"Kiari," off of 2010's Black Sands, provides one of the best examples of this adaptation. The song is driven by the sounds of electric violin, and the heartbeat cadence of a kick drum underlies all of. It's a high-energy track, but not a banger. Not so live. Bonobo's bass line was turned to the level of wobbling distortion, and the song ended on a strong crescendo punctuated by a flash of light and roars from the appreciative crowd.
"Minneapolis, are you still with me?" Bonobo asked at his first real pause, about a third of the way through. The answer was a resounding yes.
The light show motifs changed from the simple and bombastic light and darkness of earlier in the show to warm consistent colors, even at one point a light lavender color. The music seemed to match this transition, becoming a little less bombastic and more cohesive -- "First Fires" came during this part of the show. "Ketto" was a particular highlight. Like a lot of Bonobo's music, it's almost spooky. The simple, tense piano loop of about six syncopated rising notes that gradually fall away, overlaid on ambient animalistic noises and deep synth tones, make it seem as if the song is heading into the unknown. And it is surprising -- the saxophone featured on this song was strong and distinct without seeming dominant or out of place, all elements of the band working together. The track ended in a rare moment of silence and darkness.
During this middle stretch, the crowd was appreciative, but seemed to drift a little. That didn't last long, however, as Bonobo took the stage himself, signaling the start of the hard-hitting home stretch. "Recurring" began with him laying down simple thumb piano notes. As the loops filled in, the rest of the players took the stage. Eventually, Bonobo picked up his bass and the song really started to cook, eventually driving forward with the whole band working in unison. After, the band jumped into the highlight of the night, "We Could Forever." The synthesized steel drum loops and the keyboard combined to create an almost tropical rhythm, and the real highlight was the flute. The flutist played with gusto, shredding as only a gentle woodwind can shred, culminating in a bombastic solo punctuated by full-stop break immediately before.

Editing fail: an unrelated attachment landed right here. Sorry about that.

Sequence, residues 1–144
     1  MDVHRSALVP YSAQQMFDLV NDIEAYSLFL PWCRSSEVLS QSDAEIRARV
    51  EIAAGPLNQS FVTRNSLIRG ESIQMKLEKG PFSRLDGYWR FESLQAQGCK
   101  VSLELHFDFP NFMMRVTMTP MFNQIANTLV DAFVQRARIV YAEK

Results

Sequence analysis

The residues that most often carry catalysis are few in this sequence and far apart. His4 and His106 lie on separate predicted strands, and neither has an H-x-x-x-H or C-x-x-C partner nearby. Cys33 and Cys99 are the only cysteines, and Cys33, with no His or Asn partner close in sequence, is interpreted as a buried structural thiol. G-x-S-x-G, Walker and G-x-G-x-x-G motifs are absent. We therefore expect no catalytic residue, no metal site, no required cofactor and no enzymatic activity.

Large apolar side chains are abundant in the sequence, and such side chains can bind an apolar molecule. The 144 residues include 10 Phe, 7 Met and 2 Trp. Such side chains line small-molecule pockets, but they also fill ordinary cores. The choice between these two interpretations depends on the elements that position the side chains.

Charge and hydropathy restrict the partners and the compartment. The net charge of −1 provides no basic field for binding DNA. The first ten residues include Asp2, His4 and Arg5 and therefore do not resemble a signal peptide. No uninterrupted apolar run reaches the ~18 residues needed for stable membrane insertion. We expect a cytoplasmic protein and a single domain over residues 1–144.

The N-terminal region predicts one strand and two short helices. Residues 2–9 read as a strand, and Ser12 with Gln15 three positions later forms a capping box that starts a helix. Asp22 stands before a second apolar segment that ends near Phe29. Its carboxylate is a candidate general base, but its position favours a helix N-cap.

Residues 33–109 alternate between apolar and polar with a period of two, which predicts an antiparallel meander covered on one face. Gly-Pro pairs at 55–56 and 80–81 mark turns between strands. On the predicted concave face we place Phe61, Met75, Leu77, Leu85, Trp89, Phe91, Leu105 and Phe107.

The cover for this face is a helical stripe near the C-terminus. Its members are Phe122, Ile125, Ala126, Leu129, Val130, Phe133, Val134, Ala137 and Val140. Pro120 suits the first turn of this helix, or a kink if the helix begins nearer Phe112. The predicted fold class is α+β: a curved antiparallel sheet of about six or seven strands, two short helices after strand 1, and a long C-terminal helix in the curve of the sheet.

The show hardly let up as it came to its conclusion. There was a drum and saxophone solo that constituted a song in itself. The set ended as it began, rising into noise and light that remained throughout the interim before the encore -- only one song, an instrumental. Bonobo beamed over the adoring crowd, which he interacted with very minimally, and said it was "absolutely pleasant to be here." No arguments here. Critic's notebook: Personal bias: I listen to Bonobo a lot, but my admiration for him was far outshone by most in the audience.
The crowd: Young, enthusiastic, easily distracted, eager to share what was going on to social media.
Random notebook dump: Probably the only time there's ever been something you could call a flute drop.